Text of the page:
Dismiss
Announcing Stack Overflow Documentation

We started with Q&A. Technical documentation is next, and we need your help.

Whether you're a beginner or an experienced developer, you can contribute.

Sign up and start helping → Learn more about Documentation →

A site that I'm working on has a ASP.NET webforms page that posts back and had about 88KB of ViewState uncompressed. Yes, I realize that is a lot of ViewState. I observed that any post backs would cause the iPad browser to crash and go to the iPad home screen. Any other links on the page worked fine though. The post back worked ok on iPhone 4 as well. When I reduced the ViewState on the page to about 48KB the crashing problem went away.

This is the only at all similar reference to this issue that I've found http://www.devcomments.com/GWT-Obfuscation-crashes-iPad-Safari-browser-at1047668.htm though its not in reference to GWT and not ViewState.

Is there some specific limitation called out somewhere related to this issue or is it just an undocumented bug with the iPad browser?

EDIT: After having some more time with an iPad, and reading some things online, it seems that the OS shuts down Safari if it feels that Safari is being abusive. The OS either thinks Safari is using too much RAM or too much CPU, I'm not sure which in the case of this Viewstate issue. I another crashing issue where there is no Viewstate at all but the crashing regularly occurs after a small XHR, seemingly when some Javascript is running but its difficult to tell. In the 2nd case disabling Javascript prevents Safari from crashing, but also makes the page useless.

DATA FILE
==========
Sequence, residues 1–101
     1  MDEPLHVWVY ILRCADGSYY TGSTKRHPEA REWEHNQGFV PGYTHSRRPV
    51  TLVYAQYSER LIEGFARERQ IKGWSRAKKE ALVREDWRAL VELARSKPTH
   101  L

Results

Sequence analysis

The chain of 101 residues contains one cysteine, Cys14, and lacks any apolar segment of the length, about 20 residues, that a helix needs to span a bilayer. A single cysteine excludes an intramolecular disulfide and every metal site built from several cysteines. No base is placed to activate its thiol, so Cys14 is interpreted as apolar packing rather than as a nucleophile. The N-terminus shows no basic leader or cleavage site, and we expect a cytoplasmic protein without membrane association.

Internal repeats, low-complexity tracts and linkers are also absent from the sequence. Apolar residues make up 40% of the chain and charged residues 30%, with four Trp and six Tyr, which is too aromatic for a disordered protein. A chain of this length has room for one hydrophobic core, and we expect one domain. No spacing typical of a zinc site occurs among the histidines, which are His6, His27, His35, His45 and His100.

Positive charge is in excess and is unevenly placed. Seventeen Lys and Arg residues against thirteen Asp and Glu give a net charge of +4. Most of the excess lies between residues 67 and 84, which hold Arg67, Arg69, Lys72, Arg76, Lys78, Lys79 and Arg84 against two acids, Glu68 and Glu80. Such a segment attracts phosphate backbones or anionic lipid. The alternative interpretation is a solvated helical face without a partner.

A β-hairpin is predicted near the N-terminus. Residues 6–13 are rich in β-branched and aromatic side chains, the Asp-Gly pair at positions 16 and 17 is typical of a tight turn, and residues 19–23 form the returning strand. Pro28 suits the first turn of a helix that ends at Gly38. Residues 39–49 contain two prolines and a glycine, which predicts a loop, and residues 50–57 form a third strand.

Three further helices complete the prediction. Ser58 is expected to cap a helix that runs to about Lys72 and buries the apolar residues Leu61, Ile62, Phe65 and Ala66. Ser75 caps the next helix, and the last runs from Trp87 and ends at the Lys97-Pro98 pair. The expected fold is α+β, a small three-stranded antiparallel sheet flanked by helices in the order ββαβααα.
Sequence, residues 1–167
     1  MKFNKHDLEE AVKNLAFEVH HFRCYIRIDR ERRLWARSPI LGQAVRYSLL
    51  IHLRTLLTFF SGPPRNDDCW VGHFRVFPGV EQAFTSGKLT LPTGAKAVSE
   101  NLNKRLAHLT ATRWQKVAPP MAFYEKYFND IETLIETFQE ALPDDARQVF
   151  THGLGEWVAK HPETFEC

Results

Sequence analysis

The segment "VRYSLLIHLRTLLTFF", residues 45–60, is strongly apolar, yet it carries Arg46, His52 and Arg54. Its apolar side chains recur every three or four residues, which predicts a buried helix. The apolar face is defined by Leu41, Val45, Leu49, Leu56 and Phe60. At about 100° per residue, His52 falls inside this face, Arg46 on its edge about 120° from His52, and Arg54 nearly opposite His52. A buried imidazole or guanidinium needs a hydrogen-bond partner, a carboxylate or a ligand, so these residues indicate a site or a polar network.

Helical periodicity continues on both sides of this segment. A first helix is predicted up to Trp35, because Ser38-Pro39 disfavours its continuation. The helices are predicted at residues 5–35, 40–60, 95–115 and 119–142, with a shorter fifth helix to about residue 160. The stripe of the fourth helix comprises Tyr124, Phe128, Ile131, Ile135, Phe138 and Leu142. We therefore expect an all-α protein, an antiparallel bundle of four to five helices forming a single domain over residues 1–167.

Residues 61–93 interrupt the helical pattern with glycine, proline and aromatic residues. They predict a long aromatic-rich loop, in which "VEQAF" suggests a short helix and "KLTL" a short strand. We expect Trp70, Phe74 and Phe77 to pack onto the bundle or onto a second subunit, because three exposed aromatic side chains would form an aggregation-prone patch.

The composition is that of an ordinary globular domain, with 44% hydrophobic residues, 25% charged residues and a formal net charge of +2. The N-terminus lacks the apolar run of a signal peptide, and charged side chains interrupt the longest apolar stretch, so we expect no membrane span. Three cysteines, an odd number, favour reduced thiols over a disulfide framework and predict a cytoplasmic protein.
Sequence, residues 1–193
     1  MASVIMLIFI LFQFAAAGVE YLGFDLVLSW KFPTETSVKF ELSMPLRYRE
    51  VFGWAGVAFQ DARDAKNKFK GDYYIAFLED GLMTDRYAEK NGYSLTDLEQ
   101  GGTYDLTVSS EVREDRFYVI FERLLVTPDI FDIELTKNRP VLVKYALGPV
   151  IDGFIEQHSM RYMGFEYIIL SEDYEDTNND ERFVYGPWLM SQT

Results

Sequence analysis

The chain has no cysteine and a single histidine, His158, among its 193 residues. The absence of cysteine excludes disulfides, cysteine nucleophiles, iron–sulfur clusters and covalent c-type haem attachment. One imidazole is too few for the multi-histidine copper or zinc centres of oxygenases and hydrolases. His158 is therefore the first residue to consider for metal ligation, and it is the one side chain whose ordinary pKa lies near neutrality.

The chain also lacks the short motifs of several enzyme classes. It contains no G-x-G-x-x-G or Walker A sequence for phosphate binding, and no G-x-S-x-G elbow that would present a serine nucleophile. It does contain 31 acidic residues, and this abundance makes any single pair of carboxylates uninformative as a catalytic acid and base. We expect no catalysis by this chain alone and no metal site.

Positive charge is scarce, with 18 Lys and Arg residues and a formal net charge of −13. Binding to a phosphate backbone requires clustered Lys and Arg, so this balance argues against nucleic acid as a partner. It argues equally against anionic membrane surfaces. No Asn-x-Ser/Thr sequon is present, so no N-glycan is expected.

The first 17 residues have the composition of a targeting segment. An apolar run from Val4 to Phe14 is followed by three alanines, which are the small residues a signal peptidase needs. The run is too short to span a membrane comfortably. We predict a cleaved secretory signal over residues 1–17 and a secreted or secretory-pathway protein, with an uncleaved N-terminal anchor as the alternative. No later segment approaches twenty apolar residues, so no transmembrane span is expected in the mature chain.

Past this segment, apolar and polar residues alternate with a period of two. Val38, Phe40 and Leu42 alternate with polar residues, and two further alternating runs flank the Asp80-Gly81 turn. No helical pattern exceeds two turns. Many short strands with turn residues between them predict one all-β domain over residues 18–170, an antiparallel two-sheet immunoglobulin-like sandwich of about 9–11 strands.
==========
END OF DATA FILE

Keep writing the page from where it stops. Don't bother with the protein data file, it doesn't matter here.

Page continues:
So I guess my question is still what the actual restrictions are in iPad 1 Safari and how are people testing against these crashing restrictions?

share|improve this question

It sure sounds like a bug in Safari on iPad.

That said, that is an awful lot of viewstate. Do you actually need ANY of it?

A big mistake, in my opinion, was MS' decision to enable all viewstate by default. That means that if you change the background color of a textbox in a postback, the control "remembers" it's new background color afterwards, without you doing anything at all to make it happen. Less crudely put, it means you get a programming model a bit more like for a Windows Forms application, and it's all very easy for you, the developer.

But there is a price to pay. A web application is a client-server application. It's fundamentally different from an app running locally, and perhaps the programming model really shouldn't be the same in both cases...

If you don't know if you actually need viewstate, try disabling it for the whole page. If you find you need it for some specific control(s), disable it for all other controls, enable it for the control(s) that must have it, and enable it for the page again. I think you'll find most if not all of your vast amounts of viewstate isn't actually being used anyway - for anything other than eating up bandwidth that is.

share|improve this answer
    
+1. There's no good reason to have 100K of ViewState. WebForms gets a bad rap because of ViewState. It's a tool like any other, and can be misused, but enabling it by default invited bad design decisions for a generation of web developers and web sites. – Jamie Treworgy Feb 28 '11 at 18:33
up vote 1 down vote accepted

The issue is that when there is too much form content being posted, like a huge Viewstate, Safari gets closed by iOS for using up too much resource or not responding in time. I'm not an iOS expert, but its not specifically a Viewstate issue, its an iOS/Safari issue in general.

share|improve this answer

Methinks it's time to make the switch to ASP.Net MVC with jQuery AJAX.

share|improve this answer

Your Answer

 
discard

By posting your answer, you agree to the privacy policy and terms of service.

Not the answer you're looking for? Browse other questions tagged or ask your own question.